No Killswitch For Killmonger

by Vince Brusio

The weakest link in the chain is what shuts down the problem. But if the weakest link is a person’s past that has been buried deep under psychological debris, is there enough time to dig through the dirt before the problem is on top of you? We ask writer Bryan Edward Hill how deep he had to dig to unearth N'Jadaka’s pain and suffering. We wanted to know how much dirt he had to shovel to put himself in the same dark hole as Killmonger.

Killmonger #1 (OCT180803) is in comic shops December 5.


Vince Brusio: Bryan, Killmonger was the villain who faced off with T’challa in the Marvel Studios movie, and for many new fans to Black Panther it was the first time they’d seen the character. Is Killmonger #1 (OCT180803) a series that will bring those late to the party up to speed with the character’s background and history?

Bryan Edward Hill: When Marvel first came to me about writing a Killmonger "origin" series, I said that I didn't want to simply recap what's been done before in comics, splashing some of the film on top of it. I wanted to write a story that explores his emotional and philosophical transformation into the titular villain. While it's true that most people are familiar with Erik from the film, the great work that's been done with him in comics needed to remain in the continuity.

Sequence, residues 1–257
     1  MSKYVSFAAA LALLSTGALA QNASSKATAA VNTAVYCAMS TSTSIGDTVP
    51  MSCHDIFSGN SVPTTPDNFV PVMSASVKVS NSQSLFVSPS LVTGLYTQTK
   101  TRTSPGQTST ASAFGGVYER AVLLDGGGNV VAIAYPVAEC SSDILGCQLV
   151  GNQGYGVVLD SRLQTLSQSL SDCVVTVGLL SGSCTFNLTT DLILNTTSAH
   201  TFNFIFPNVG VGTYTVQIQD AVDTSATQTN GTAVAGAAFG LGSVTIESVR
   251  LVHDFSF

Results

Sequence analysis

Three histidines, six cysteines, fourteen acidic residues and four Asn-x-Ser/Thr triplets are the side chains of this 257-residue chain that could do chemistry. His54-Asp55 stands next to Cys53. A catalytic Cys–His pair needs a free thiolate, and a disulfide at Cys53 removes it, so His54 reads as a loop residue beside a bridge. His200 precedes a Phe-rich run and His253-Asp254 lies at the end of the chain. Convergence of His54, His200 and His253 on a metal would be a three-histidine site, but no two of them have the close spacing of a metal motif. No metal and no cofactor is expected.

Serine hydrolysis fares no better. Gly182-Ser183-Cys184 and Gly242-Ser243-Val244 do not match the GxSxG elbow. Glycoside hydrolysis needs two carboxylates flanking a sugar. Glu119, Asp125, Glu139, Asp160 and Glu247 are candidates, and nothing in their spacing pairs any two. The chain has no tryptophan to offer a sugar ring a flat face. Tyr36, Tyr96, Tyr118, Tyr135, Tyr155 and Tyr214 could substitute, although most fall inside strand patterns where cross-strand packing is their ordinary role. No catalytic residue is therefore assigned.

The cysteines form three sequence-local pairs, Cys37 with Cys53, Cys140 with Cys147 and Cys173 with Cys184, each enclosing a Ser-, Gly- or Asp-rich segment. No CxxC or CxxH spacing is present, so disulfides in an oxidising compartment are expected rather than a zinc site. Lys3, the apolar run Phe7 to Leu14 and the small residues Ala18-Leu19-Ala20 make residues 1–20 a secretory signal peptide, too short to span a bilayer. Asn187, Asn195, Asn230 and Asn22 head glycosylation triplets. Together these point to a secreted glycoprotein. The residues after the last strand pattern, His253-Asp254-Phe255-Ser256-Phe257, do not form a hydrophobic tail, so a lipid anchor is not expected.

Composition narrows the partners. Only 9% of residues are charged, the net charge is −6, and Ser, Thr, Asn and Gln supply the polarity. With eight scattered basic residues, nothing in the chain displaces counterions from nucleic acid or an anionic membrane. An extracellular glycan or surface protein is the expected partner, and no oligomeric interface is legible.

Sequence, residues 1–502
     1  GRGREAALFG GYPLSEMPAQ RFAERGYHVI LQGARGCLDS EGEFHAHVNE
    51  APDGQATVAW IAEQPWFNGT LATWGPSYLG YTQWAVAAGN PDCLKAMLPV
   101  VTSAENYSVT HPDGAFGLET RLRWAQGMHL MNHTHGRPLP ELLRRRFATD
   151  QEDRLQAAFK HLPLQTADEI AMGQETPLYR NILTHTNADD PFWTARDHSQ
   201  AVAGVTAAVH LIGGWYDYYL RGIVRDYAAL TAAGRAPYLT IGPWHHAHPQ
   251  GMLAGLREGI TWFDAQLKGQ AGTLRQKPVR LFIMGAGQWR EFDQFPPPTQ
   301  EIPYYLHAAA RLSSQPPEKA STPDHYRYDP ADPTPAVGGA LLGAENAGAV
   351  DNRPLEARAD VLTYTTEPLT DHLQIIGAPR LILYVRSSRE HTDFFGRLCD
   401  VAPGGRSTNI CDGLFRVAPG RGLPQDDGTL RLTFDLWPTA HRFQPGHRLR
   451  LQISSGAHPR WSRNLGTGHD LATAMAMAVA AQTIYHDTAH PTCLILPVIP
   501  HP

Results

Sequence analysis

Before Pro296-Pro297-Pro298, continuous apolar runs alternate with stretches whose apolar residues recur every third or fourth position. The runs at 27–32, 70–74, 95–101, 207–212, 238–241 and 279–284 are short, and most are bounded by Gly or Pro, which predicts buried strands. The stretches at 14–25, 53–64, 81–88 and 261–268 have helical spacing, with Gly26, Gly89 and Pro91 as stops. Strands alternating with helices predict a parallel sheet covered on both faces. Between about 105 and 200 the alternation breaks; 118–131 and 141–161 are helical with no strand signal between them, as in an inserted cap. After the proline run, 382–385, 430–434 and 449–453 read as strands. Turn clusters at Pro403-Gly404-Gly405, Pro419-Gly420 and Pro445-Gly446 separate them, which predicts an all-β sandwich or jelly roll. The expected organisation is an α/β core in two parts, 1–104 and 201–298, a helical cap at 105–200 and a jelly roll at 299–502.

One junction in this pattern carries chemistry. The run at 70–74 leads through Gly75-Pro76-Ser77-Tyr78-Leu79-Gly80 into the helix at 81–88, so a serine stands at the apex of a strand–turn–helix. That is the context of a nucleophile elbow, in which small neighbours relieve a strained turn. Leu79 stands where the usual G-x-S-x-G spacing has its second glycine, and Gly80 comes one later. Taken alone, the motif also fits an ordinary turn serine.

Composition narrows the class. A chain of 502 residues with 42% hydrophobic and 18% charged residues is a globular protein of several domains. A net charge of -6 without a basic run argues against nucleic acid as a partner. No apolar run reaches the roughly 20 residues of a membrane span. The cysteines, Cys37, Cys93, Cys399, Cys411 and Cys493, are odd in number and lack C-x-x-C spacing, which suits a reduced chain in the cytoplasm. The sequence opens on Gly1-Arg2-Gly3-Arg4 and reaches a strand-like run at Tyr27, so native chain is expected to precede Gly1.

All that being said, you don't need to know a lot of continuity to read this. Whenever I'm working on a "number one" whether it's a mini-series or an ongoing, I'm trying to make it a good read for longtime comic fans, but also something exciting and daring for first time comic readers. Every book is an opportunity to bring more people into the culture of comic books. 

Vince Brusio: How did you get inside the head of N'Jadaka? Did you just reflect on past continuity, or did you try to make your series more street smart?

Bryan Edward Hill: I'm not an actor, but my writing process is very similar to acting. In order to write a character well I need to "live" in their head a bit. Reading the continuity work helped. I took a long look at Evan Narcisse's Rise Of The Black Panther, but I can't just use comics to write comics. That's not writing. That's parroting. To create something unique you have to push much further than that, on the page and in your thoughts.